Clothing consultant John T. Molloy, who has advised more than 450 corporations on how their executives should dress, is now studying clothes worn by clerics.

The author of "Dress for Success," in an interview with Church Business newsletter, says the clergy should dress to reflect authority. This is doubly true for women to "gain greater acceptance in this traditionally male vocation," Molloy says.

Four outfits are essential for the well dressed pastor, Mr. Malloy says:

1. Business Power suit. This is a dark pinstripe suit worn with a white shirt and a solid or nondirection design tie. "This outfit," the article states, "should be worn for important meetings when you want to meet businessmen on their level, but on your terms."

2. Counseling Outfit. Molloy says that when clergy soften the "high authority" image, the individual being counseled responds better. For this, Mr. Molloy suggests wearing a sweater over an open-collar white shirt. He says this dress can be used effectively by Roman Catholic and Episcopal priests "who tend to look especially powerful in black suits and white collars."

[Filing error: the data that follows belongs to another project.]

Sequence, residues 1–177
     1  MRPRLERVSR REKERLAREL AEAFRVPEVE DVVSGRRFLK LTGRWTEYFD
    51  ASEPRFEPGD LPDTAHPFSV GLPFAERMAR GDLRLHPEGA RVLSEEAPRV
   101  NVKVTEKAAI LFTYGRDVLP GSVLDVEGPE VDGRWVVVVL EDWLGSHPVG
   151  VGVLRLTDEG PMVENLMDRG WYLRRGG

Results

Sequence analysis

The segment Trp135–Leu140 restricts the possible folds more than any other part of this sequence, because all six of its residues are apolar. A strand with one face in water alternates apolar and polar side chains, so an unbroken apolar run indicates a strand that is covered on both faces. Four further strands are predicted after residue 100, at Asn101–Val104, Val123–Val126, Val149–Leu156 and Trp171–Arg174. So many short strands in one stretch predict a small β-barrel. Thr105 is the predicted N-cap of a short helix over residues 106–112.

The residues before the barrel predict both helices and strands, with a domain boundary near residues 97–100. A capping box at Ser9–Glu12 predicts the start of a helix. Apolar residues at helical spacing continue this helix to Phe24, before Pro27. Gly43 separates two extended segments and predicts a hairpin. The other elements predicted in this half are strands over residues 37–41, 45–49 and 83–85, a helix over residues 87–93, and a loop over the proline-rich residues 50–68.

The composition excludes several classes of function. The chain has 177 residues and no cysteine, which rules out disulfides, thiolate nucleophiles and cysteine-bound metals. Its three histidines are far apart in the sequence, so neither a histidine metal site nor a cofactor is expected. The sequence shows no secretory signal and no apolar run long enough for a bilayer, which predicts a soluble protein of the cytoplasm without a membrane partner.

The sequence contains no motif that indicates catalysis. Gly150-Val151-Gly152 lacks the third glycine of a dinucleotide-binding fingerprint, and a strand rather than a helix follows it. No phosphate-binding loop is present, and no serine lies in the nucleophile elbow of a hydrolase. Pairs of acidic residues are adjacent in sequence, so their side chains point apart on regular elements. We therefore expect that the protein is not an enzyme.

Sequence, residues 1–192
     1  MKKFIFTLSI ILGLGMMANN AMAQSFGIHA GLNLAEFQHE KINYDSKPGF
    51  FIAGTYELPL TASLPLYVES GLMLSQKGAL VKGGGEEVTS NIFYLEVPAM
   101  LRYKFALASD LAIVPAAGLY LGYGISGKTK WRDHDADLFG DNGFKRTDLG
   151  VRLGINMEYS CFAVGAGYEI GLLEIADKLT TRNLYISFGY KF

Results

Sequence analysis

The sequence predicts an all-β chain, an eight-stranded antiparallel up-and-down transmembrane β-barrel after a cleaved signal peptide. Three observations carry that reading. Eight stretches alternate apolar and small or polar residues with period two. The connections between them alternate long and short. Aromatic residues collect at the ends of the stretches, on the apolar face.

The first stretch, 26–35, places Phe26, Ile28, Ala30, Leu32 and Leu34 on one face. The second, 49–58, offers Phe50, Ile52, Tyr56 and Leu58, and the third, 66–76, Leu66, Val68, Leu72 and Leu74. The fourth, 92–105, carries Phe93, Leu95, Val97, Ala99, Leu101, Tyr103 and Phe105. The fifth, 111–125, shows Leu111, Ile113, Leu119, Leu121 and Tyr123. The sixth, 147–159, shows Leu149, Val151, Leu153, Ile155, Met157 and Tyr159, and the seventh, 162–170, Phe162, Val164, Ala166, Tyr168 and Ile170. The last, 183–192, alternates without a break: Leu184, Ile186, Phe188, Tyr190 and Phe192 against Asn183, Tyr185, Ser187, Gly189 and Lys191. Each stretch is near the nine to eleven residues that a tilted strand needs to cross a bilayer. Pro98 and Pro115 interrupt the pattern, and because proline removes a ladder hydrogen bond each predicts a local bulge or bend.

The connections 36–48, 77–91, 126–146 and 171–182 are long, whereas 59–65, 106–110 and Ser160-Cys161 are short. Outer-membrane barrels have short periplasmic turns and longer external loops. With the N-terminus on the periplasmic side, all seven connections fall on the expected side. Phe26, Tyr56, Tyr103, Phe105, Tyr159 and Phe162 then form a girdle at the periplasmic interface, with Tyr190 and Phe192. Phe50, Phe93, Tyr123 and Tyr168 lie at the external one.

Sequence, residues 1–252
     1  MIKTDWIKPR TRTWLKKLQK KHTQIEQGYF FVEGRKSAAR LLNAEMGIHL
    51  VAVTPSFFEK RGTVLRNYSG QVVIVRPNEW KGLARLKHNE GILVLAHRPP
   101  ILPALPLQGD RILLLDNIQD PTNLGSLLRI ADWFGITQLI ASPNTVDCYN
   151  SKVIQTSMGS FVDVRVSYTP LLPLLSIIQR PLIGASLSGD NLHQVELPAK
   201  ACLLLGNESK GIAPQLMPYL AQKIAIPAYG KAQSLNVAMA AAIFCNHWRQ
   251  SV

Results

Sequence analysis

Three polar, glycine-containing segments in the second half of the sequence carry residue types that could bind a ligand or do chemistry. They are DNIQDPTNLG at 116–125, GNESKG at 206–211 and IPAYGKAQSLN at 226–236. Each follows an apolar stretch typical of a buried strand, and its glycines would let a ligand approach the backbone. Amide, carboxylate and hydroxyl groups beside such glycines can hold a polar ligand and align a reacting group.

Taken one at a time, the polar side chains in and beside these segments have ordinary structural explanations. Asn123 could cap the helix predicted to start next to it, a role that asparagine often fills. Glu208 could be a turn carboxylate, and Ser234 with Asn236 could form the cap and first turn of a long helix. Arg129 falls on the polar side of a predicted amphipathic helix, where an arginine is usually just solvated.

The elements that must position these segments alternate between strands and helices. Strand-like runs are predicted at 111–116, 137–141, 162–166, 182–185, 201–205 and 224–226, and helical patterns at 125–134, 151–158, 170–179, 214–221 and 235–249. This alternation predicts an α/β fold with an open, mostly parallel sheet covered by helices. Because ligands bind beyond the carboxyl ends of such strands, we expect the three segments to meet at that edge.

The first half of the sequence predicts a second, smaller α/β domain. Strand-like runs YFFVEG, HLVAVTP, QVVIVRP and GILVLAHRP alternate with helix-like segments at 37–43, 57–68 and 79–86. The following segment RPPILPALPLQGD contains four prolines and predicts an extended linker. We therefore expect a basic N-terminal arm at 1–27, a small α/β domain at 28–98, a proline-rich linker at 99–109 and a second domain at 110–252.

3. Dress-up Social Outfit. He states that if the pastor does not wear a clerical uniform and must look fairly formal, a beige or tweed suit is formal enough yet "approachable." Molloy warns, "stay away from business suits."

4. Pulpit-Authority Outfit.Molloy says that clergy uniforms (robes, vestments) are best for this, but that clergy can "create" this pulpit-authority look. For this he suggests a dark blue suit, white shirt and maroon tie before a lower-middle-class congregation, and a dark grey suit, white shirt and maroon tie before upper-middle-class congregations.

Molloy says that established clergy can get away with less authoritative dress. However, younger clergy need to dress more formally because "no matter how marvelous a miniter he is, he's skill 'a kid to the 60-year-old parishioner."

For all speakers, Molloy suggests garb that contrasts with the background of the room. He also suggests avoiding patterns that blur at a distance and recommends wearing bold, contrasting colors "to draw attention to yourself."